As my research progressed, I began to realize that the radical feminists were an active, vibrant, and exciting group of women whose presence in the public sphere made Wilhelmine Germany look far less reactionary than it was portrayed as by the new generation of liberal historians in Germany such as Hans-Ulrich Wehler. On the other hand, it became clear that the progress of the radicals’ causes was halted just before the outbreak of World War I. They were rebuffed by the Bund Deutscher Frauenvereine (I found clear evidence of a plot to defeat them, involving the antifeminist Bund Evangelischer Frauenvereine in the latter’s uncatalogued archive in the attic of a girls’ home in Hannover, another exciting moment). In addition the suffrage movement fell apart over the issue of whether to demand equal voting rights, which would have meant accepting the Prussian three-class suffrage, or universal adult suffrage, which would have put the liberal feminists on the same footing as the Social Democrats. The sexual liberation movement in which Adele Schreiber was active, led by Helene Stöcker, also fell apart over the issue of whether it should focus on campaign or welfare. More broadly, the whole movement came under intense pressure from German nationalists, who accused feminists of undermining the family and the nation. It seemed, then, that liberal values among feminists went into reverse just before 1914. Following their story through the Weimar Republic, it became clear that they had become nationalists, supported the family more than individual women’s emancipation, took an equivocal position in regard to women’s work, and offered only very feeble resistance to the Nazi seizure of power, perhaps because there was enough of an overlap with Nazi ideology for many if not most of the feminist movement’s members to vote NSDAP in the elections of the early 1930s.

To complete the picture rather neatly, the leading radical feminists, Anita Augspurg, Lida Gustava Heymann and Helene Stöcker, had all become pacifists in the First World War and were all forced into exile in 1933. They at least had kept faith with their radical liberal values. But three prominent radicals gravitated towards the radical right: Martha Zietz, Maria Lichnewska and Käthe Schirmacher. It was not easy to find out much about their political tergiversation. Schirmacher’s papers were held in Rostock, and researching in the GDR was not easy for an outsider from a ‘capitalist country’; I was not able to consult them. Nevertheless, it seemed to me that what turned her from a feminist pacifist into a right-wing nationalist was the issue of Germanizing Prussian Poland, a cause to which she came to devote much of her energies already nearly a decade before 1914.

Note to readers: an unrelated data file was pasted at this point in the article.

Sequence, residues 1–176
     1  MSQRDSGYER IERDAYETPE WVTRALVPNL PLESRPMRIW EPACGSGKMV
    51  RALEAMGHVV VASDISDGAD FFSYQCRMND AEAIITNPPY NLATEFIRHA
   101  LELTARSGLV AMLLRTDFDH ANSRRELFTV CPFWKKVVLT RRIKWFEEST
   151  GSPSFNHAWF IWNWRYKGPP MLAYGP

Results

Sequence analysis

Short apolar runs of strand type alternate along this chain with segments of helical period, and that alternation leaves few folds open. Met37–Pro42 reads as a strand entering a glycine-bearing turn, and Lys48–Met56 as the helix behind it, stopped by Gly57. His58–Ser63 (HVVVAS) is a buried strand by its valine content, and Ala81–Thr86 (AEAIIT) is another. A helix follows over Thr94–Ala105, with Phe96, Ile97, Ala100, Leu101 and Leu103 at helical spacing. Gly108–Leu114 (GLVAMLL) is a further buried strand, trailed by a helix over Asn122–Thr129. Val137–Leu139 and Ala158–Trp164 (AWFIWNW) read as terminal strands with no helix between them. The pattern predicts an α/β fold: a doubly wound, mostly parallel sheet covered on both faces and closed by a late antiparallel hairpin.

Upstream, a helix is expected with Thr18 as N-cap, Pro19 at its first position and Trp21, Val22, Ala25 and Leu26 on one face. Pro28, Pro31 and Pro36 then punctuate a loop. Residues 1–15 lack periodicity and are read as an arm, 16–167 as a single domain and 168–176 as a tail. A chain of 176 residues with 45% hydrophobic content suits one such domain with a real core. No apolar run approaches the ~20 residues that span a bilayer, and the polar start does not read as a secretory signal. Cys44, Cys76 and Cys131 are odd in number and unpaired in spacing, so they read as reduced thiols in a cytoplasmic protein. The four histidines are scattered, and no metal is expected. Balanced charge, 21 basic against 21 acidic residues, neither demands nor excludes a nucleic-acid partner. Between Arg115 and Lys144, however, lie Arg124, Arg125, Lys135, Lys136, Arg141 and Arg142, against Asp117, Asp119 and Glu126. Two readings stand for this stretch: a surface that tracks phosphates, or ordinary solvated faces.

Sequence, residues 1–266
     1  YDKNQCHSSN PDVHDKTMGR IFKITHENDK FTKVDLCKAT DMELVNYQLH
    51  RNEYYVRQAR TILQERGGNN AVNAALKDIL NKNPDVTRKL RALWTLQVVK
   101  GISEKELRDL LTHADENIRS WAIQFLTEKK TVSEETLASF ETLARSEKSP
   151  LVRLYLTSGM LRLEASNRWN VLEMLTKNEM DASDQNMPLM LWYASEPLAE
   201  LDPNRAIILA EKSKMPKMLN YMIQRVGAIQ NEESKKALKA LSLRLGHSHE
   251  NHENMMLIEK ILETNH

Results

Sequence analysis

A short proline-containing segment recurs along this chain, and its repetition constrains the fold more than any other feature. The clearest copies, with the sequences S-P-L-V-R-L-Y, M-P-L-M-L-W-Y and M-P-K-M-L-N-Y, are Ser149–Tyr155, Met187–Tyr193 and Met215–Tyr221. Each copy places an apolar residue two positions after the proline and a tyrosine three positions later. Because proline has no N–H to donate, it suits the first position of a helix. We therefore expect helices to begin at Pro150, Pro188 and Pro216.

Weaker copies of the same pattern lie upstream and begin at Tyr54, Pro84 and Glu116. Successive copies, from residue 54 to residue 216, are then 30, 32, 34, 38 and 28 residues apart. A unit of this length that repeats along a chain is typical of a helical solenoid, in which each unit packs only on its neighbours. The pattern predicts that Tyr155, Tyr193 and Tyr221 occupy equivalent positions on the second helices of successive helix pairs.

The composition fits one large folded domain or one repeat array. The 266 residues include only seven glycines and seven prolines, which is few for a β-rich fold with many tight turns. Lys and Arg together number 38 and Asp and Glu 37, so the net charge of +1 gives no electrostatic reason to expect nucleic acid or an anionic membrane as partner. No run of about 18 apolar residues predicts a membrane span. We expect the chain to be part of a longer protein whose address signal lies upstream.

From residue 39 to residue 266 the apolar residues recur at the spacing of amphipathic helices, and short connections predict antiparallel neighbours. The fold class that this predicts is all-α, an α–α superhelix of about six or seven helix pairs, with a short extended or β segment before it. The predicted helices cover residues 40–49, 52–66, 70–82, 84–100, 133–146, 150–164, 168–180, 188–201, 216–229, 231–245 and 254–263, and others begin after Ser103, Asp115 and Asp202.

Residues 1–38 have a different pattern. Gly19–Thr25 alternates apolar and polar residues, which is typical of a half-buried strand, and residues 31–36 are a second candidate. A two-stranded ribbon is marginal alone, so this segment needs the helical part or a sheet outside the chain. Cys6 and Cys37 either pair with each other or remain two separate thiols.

It seemed obvious to me that these developments cast significant light on the capitulation of the German bourgeoisie to the Nazis in the elections of 1930-33: after all, women made up more than half the electorate after their enfranchisement in the Weimar Republic. Yet historians had not bothered to look at their history. The massive pressures of populist nationalism had caused the feminist movement to begin shifting political ground already before 1914. The Weimar years only strengthened this trend.

My dissertation was published in 1976 and reprinted a couple of times but it was never translated into German, unlike almost every history book I have written since then. It has quite a few flaws, most obviously its crude attempt to squeeze the radical feminists’ ideology into an over-simple mould of liberal-individualist egalitarianism, whereas a more nuanced approach would have given more weight to the radicals’ belief in the different qualities of women to those of men (more pacifist, more moral, and so on). Yet this does at least come out in the documents I quoted. And the central thesis, I still think, was correct.


Richard J. Evans, The feminist movement in Germany: A strange death of liberalism?, in: Die vielen Biographien der Käthe Schirmacher – eine virtuelle Konferenz, URL:

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Biographische Notiz

Sir Richard Evans FBA, Regius Professor Emeritus of History and President of Wolfson College, University of Cambridge. Publications include: The Feminist Movement in Germany 1894-1933 (SAGE, London, 1976); The Feminists (Croom Helm/Routledge, London 1977, reprinted 2014); Sozialdemokratie und Frauenemanzipation im deutschen Kaiserreich (Verlag J.H.W. Dietz Nachf., Bonn, 1979).